Panama City developed rapidly with the construction of the canal (1904–14). It became a polyglot modern centre with cabarets, nightclubs, and squalid slums (later partially cleared). The title to the water and sewer systems, built by the United States, was turned over to the government of the republic in 1942, and in 1953 their management was also transferred. The city was the site of Latin American congresses in 1826, 1939, and 1959. It was also the site of the headquarters of Panamanian leader Manuel Noriega (Noriega, Manuel) and as such was the focal point of the invasion of Panama by the United States in 1989; extensive looting occurred throughout Panama City in the wake of the invasion.

      The port facilities serving Panama City lie in adjacent Balboa. The city's economy is largely dependent on financial services and on canal traffic. Industries include breweries, oil refineries, steel-rolling mills, and clothing and wood factories. Panama City is linked with Colón by the canal, the Ferrocarril de Panamá (Panama Railroad), and the Transisthmian Highway and with David and Chepo by the Pan-American Highway. It is served by an international airport at Tocumen, 17 miles (27 km) from the city centre.

      The city retains many reminders of colonial times, including several plazas, the cathedral (begun 1673), which contains Bartolomé Murillo's painting of the Virgin of the Rosary, and the San Francisco Church (now renovated). The city's restored Historic District, which was designated a UNESCO World Heritage site in 1997, has become an increasingly popular tourist attraction. Modern buildings include the Palace of Justice, La Presidencia, the National Palace, and the hotel El Panamá. Panama City is the seat of the national university (founded 1935), the University of Santa María la Antigua (1965), and schools of dance, music, art, and theatre associated with the National Institute of Culture. There are a number of academies, libraries, museums, and research institutes. The Gorgas Memorial Laboratory of Tropical and Preventive Medicine was established there in 1928. The city has become a major international finance centre. About two-fifths of the national population resides in the Panama City urban agglomeration, which includes San Miguelito, Tocumen, Arraiján, and Balboa. Pop. (2000) city, 415,964; (2005 est.) urban agglomeration, 1,216,000.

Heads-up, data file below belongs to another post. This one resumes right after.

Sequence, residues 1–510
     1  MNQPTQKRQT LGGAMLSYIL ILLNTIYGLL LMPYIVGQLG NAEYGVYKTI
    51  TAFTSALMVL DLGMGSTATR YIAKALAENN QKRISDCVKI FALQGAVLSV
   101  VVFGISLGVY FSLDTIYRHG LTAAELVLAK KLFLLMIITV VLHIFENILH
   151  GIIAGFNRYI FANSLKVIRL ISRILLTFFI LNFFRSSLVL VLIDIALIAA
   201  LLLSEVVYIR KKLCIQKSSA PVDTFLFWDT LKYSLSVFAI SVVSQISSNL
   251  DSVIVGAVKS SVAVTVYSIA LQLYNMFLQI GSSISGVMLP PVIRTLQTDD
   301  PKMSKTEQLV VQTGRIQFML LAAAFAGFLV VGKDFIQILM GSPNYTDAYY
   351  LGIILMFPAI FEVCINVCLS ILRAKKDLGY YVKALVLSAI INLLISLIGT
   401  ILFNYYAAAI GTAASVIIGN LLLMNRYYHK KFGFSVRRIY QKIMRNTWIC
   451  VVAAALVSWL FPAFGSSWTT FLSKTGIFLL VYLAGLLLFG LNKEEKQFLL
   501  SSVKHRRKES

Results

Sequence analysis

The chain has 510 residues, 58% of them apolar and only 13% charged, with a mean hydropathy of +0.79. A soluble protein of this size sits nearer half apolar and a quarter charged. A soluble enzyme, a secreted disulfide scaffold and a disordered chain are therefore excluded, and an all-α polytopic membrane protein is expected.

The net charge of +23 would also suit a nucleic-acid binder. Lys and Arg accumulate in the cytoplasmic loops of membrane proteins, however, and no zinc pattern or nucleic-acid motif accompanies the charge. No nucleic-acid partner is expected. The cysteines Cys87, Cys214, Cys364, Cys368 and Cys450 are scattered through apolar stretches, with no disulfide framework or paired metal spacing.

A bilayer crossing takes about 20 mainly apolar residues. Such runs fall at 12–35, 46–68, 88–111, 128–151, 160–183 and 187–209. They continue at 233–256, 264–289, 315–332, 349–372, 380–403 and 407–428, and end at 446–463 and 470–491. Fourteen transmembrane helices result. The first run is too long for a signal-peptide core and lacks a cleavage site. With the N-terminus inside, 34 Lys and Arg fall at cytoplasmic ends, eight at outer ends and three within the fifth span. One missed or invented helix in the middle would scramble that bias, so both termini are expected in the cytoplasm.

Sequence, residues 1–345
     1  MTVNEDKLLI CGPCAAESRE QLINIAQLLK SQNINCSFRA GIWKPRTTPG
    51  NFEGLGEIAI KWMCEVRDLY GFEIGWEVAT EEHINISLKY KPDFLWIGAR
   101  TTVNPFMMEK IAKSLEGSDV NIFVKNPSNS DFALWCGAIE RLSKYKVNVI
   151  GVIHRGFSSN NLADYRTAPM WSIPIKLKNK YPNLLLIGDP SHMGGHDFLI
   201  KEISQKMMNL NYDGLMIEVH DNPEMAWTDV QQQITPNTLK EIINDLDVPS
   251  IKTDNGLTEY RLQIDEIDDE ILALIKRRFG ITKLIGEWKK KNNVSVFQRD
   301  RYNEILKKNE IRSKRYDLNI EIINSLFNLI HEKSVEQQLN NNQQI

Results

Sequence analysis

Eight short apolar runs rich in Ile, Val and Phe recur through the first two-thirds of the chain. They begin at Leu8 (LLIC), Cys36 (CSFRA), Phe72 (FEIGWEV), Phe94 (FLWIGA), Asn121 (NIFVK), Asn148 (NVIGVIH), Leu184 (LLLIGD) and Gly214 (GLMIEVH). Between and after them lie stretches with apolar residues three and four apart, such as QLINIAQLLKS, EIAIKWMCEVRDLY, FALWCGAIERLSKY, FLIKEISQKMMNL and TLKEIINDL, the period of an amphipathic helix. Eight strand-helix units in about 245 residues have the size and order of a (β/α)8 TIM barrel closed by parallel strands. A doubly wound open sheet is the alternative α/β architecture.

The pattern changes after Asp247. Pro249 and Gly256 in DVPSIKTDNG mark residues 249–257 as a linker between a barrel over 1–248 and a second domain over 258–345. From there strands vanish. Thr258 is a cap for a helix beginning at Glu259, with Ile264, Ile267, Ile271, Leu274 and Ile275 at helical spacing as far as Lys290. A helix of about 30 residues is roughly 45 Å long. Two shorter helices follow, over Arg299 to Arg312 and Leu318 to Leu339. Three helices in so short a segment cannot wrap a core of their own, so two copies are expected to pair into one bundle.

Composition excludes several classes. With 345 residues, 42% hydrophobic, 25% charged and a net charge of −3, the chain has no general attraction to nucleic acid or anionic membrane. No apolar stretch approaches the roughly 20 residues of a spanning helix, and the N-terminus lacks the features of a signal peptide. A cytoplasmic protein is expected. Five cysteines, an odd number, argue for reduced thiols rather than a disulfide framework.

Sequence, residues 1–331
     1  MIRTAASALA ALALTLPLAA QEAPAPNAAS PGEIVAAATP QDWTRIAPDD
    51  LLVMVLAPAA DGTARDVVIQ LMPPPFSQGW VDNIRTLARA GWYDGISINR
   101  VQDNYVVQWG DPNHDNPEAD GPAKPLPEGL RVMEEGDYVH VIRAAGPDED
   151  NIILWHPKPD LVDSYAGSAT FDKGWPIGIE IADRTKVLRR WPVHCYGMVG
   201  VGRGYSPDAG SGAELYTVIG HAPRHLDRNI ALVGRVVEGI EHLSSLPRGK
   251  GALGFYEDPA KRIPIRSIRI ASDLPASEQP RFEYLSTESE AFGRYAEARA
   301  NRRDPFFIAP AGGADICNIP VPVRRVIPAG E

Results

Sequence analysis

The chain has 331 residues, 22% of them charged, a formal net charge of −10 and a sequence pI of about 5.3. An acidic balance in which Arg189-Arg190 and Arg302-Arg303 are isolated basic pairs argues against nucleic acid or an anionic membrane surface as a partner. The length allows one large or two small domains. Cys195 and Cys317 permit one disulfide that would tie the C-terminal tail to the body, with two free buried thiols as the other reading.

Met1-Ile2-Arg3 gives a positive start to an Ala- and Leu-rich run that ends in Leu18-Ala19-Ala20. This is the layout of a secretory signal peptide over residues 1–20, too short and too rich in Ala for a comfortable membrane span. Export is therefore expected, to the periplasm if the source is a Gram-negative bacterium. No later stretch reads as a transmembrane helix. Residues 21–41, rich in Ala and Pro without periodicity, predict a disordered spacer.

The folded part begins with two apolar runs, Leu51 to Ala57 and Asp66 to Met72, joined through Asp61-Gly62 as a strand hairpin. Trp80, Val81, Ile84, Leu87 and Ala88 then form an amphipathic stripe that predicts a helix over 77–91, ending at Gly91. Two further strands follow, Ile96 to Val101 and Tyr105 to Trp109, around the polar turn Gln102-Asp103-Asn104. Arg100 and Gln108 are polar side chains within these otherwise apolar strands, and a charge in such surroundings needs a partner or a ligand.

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Universalium. 2010.

Look at other dictionaries:

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  • Panama City — Panama City, FL U.S. city in Florida Population (2000): 36417 Housing Units (2000): 16548 Land area (2000): 20.518912 sq. miles (53.143737 sq. km) Water area (2000): 6.171015 sq. miles (15.982855 sq. km) Total area (2000): 26.689927 sq. miles (69 …   StarDict's U.S. Gazetteer Places

  • Panama City, FL — U.S. city in Florida Population (2000): 36417 Housing Units (2000): 16548 Land area (2000): 20.518912 sq. miles (53.143737 sq. km) Water area (2000): 6.171015 sq. miles (15.982855 sq. km) Total area (2000): 26.689927 sq. miles (69.126592 sq. km)… …   StarDict's U.S. Gazetteer Places

  • Panama City — PANAMA2 (the capital) …   English World dictionary

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  • Panama City — Original name in latin Panama City Name in other language PFN, Panama, Panama City, Panama Siti, Panama Siti, ba na ma cheng, bnma sty, flwryda, paeneomasiti, panama syty, flwryda, panamashiti, Панама, Панама Сити, Панама Сіті, State code US… …   Cities with a population over 1000 database

  • Panama City — Sp Pãnama Sitis Ap Panama City L JAV Bėjaus apyg. c. (Florida) …   Pasaulio vietovardžiai. Internetinė duomenų bazė

  • Panama City — city, NW Florida 32401*; pop. 34,378 …   Webster's Gazetteer

  • Panama-City — 9 79.50Koordinaten: 9° 0′ N, 79° 30′ W …   Deutsch Wikipedia